Climate Change Impact on India and World – International Reports, Key Observations, etc.

What are Black Carbon Aerosols?


From UPSC perspective, the following things are important :

Prelims level : Black Carbon Aerosols

Mains level : Not Much

black carbon

Black carbon aerosols have indirectly affected the mass gain of the Tibetan Plateau glaciers by changing long-range water vapour transport from the South Asian monsoon region, a study has found.

What are Black Carbon Aerosols?

  • Black Carbon (BC) aerosol, often called soot, is the dominant form of light absorbing particulate matter in the atmosphere.
  • They are emitted by incomplete combustion processes, both human (e.g., diesel engines) and natural (e.g., wildfire).
  • Its ability to absorb visible and infrared radiation means BC can heat the atmosphere and darken surfaces, specifically snow and ice.
  • These effects have important consequences on earth’s climate and climate change.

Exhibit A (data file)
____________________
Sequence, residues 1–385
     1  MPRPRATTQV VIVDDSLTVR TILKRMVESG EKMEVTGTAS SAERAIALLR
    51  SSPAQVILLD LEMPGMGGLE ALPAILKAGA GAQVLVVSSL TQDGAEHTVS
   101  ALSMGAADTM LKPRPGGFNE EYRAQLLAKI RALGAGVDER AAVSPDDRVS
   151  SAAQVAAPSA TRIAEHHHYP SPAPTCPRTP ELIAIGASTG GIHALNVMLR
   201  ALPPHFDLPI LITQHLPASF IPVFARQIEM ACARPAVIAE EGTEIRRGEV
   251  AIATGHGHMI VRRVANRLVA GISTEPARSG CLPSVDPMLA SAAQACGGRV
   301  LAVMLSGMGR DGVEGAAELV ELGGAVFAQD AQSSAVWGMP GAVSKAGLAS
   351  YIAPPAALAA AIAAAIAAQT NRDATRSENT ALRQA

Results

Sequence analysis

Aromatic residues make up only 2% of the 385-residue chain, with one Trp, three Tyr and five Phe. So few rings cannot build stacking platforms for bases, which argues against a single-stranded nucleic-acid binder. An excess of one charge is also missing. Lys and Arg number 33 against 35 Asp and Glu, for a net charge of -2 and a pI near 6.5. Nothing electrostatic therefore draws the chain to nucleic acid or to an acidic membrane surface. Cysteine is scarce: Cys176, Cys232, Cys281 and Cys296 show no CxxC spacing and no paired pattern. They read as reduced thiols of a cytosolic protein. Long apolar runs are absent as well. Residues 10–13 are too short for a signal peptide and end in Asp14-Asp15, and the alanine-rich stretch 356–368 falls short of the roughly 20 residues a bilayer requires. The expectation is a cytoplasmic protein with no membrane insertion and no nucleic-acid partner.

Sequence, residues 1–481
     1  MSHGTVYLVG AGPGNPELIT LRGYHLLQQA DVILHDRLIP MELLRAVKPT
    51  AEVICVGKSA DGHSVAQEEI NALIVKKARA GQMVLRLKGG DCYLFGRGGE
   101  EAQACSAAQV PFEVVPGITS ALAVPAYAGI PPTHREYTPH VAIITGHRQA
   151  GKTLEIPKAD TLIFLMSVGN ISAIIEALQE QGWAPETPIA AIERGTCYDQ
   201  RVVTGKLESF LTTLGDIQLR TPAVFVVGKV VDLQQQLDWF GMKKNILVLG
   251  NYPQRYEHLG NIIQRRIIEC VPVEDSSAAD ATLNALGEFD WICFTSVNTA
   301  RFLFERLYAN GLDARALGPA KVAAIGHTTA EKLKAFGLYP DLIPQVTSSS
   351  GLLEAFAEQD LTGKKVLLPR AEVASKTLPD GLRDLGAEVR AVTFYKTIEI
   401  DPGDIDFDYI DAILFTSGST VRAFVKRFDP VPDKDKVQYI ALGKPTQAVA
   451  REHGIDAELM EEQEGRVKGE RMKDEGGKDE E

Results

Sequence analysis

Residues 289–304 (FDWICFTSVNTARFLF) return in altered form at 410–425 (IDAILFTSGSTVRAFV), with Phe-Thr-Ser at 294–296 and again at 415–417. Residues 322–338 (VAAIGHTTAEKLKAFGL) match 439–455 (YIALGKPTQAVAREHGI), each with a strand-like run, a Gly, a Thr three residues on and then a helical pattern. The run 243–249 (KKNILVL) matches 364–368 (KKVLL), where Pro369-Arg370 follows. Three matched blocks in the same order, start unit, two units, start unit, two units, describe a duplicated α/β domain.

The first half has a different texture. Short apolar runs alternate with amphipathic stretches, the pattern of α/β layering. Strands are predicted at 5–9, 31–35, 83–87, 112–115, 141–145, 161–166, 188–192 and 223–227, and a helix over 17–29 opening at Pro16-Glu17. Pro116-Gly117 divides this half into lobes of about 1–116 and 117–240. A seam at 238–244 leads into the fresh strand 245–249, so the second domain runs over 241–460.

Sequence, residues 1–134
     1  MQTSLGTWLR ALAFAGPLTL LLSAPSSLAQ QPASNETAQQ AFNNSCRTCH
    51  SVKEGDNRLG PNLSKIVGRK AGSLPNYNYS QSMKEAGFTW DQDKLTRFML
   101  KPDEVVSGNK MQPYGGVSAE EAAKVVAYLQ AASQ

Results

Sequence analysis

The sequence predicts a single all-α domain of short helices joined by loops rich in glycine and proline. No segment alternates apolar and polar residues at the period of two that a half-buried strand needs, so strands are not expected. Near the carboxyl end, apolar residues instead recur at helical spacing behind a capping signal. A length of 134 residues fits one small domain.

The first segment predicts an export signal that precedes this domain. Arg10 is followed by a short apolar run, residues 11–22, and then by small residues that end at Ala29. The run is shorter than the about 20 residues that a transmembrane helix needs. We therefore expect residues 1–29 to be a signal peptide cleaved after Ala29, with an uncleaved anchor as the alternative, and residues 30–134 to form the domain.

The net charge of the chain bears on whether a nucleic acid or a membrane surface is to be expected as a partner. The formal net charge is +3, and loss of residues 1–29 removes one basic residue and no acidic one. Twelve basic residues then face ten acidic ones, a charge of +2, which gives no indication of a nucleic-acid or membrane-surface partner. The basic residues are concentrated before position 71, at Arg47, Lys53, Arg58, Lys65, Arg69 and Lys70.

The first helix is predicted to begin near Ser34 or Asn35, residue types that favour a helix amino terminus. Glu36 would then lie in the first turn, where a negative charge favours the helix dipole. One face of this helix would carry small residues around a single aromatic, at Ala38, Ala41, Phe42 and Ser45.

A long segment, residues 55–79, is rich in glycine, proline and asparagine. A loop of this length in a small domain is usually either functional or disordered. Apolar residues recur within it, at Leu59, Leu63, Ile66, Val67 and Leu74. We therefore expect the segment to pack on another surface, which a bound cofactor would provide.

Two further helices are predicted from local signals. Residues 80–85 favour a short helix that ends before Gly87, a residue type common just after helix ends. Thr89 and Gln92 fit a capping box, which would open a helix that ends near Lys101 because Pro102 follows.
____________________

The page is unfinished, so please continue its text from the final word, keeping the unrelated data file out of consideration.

• BC may also have adverse impacts on human health. Unlike long-lived greenhouse gases such as carbon dioxide, BC is removed from the atmosphere in 1-2 weeks, so its impacts tend to be more regional rather than global.

Deposition over Himalayas

  • The South Asia region adjacent to the Tibetan Plateau has among the highest levels of black carbon emission in the world.
  • Many studies have emphasised black carbon aerosols from South Asia can be transported across the Himalayas to the inland region of the Tibetan Plateau.

Impact on glaciers melting

  • Black carbon deposition in snow reduces the albedo of surfaces — a measure of how much of Sun’s radiations are reflected.
  • This accelerates the melting of glaciers and snow cover, thus changing the hydrological process and water resources in the region.
  • They heat up the middle and upper atmosphere, thus increasing the North-South temperature gradient.
  • As a result, precipitation in the central and the southern Tibetan Plateau decreases during the monsoon, especially in the southern Tibetan Plateau.
  • The decrease in precipitation further leads to a decrease of mass gain of glaciers.
  • From 2007 to 2016, the reduced mass gain by precipitation decrease accounted for 11% of the average glacier mass loss on the Tibetan Plateau and 22.1% in the Himalayas.


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